Differences between the United States and Saudi Arabia over Middle East policy persist, despite attempts to shore up their old alliance, and may prove calamitous for Syrian rebels.
Although there is evidence that some American weapons are starting to find their way to more moderate groups fighting Syrian President Bashar al-Assad, disagreements over what to supply, and to whom, have hindered the fight.
Rebels lament a lack of anti-aircraft missiles to help counter Assad's air force.
Saudi Arabia and Qatar have been funding the rebels for years now, arguing that the war in Syria is a battle for the future of the Middle East, pitting pro-Western forces against Riyadh's main enemy Iran and Islamist militants.
However, while the administration of U.S. President Barack Obama also blames Assad for the violence and wants him to leave power, it sees the conflict very differently.
American officials fear involvement in a messy civil war for which they see no clear military solution and which threatens to radicalize a new generation of Islamists who hate the West.
Among the rebels, the failure of the Saudis and the Americans to cooperate better stirs disillusion. Two hours of talks between Obama and Saudi King Abdullah in March appear to have done little to alter that sentiment.
“If the Americans refuse to give us anti-aircraft [missiles], for example, why doesn't Saudi give it to us?” a Syrian rebel commander in Aleppo whose brigade fights alongside the extremist al-Nusra Front told Reuters via Skype.
In private, American and Saudi officials defend a relationship that in many ways remains strong and broad-based.
But they acknowledge a fundamental divergence over how to approach big political conflicts in the Middle East that were aggravated by the Arab spring, particularly what Riyadh sees as Iranian expansionism across the region.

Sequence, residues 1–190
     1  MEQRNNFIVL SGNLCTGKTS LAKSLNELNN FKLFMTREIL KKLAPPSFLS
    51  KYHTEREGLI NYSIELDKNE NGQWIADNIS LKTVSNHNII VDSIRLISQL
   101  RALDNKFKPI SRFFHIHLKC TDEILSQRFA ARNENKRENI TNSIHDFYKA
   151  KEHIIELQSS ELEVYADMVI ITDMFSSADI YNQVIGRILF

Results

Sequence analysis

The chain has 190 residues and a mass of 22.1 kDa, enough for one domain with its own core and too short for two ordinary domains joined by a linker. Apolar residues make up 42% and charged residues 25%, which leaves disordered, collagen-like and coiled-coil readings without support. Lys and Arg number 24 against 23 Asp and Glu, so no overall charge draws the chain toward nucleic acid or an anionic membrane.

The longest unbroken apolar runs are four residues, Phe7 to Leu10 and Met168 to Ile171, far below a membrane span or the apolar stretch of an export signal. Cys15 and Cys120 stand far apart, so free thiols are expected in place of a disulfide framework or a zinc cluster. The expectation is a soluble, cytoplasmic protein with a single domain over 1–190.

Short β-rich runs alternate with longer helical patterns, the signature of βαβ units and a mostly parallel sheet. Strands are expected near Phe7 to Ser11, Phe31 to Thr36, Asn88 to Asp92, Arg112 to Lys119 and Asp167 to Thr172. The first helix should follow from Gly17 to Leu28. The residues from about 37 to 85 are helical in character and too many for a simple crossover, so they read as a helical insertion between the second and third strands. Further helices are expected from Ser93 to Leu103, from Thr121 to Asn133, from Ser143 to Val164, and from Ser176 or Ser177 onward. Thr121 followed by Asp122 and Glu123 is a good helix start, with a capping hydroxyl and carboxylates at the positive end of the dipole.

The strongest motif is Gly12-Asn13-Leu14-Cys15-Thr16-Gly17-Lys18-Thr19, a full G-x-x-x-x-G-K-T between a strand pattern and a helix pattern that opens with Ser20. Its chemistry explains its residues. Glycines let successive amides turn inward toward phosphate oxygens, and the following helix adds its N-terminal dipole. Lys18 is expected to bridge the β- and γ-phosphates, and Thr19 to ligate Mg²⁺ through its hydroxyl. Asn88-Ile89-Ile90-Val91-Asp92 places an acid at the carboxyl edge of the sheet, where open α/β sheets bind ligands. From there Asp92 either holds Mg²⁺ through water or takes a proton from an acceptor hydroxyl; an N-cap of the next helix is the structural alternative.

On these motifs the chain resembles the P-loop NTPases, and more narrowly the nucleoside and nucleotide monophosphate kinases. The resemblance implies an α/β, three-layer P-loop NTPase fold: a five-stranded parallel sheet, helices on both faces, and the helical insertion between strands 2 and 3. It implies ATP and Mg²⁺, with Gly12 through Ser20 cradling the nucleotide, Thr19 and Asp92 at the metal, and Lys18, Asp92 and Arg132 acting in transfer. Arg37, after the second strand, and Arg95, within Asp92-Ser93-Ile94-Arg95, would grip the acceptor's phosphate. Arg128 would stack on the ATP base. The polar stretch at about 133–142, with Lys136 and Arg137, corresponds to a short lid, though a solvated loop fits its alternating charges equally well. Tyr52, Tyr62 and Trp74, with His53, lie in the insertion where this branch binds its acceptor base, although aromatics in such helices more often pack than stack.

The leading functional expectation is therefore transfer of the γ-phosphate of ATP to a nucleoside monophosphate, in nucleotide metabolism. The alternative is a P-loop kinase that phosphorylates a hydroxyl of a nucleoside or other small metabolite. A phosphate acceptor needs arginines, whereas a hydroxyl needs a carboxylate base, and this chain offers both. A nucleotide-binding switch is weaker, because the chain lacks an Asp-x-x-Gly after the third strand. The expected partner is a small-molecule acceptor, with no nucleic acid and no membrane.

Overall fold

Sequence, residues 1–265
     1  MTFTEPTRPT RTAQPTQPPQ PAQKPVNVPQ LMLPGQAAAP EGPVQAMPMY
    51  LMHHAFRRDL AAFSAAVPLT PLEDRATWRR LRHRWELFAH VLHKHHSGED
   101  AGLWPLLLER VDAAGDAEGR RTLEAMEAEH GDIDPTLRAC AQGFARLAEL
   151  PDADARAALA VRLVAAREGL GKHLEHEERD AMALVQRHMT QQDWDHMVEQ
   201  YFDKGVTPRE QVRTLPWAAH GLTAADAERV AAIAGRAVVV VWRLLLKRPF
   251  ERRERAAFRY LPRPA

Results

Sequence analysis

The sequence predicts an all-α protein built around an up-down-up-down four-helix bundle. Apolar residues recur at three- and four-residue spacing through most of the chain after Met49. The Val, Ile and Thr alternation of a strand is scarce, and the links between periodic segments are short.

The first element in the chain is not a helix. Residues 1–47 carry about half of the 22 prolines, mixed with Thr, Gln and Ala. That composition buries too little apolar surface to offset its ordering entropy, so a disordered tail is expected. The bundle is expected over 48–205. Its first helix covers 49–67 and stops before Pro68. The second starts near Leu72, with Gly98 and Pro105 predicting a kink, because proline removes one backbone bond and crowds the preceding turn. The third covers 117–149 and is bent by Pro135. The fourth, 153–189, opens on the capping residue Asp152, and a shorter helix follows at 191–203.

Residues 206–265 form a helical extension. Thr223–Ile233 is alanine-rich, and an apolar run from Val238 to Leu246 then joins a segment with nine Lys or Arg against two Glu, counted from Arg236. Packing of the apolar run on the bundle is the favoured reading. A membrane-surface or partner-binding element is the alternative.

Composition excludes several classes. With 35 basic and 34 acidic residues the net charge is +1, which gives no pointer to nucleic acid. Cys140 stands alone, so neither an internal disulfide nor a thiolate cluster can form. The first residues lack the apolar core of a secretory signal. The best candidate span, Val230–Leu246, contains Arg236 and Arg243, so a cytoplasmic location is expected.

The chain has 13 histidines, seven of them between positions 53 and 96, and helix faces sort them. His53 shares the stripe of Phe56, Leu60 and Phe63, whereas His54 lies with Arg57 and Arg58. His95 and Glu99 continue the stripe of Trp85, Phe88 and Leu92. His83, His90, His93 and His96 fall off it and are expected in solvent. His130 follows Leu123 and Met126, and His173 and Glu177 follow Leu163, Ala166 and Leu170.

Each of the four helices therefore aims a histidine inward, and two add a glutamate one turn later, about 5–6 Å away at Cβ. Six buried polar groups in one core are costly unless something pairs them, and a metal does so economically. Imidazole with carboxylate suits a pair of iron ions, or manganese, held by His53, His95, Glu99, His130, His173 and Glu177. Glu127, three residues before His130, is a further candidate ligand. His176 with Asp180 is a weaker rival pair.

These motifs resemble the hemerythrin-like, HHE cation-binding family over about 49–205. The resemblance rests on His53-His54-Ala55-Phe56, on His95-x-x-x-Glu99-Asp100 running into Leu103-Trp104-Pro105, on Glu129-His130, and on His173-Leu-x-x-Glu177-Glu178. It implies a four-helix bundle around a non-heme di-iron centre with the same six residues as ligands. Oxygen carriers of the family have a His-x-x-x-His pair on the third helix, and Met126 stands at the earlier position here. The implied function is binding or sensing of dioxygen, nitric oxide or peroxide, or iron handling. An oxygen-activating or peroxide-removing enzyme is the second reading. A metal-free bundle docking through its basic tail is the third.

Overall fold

When Washington agreed a preliminary deal with Tehran in November over its nuclear program, Riyadh feared it would reduce political pressure on Iran, giving it more scope to push its interests across the region.
The Saudis were also angry when Obama did not do more to back Egypt's Hosni Mubarak who was forced from power in 2011, and when Washington criticized the army for ousting his successor, Mohamed Morsi of the Muslim Brotherhood.
Meanwhile Assad appears to be gaining ground and has told a Russian official the heavy fighting will be over within a year.
“I'm afraid that what remains of the Syrian state will vanish, so I would say the United States has had a big failure in this regard,” said Abdullah al-Askar, chairman of the foreign affairs committee for Saudi Arabia's appointed Shoura Council, which advises the government.
But if the Saudis felt stymied, so did the Americans.
“The frustration with the Saudis was that they never gave us a plan,” a former senior U.S. diplomat who worked in the region told Reuters.
The former diplomat said there had to be a strategy that included pulling the opposition together into a political and military union dominated by moderates, while arm-twisting Assad's main backers in the Security Council: Russia and China.
“There's got to be something more than throwing weapons and suitcases of money,” the former diplomat said.
Riyadh's main Syria strategy has been based on persuading Washington of the need to bring its far greater diplomatic, military and planning clout to bear in helping the rebellion.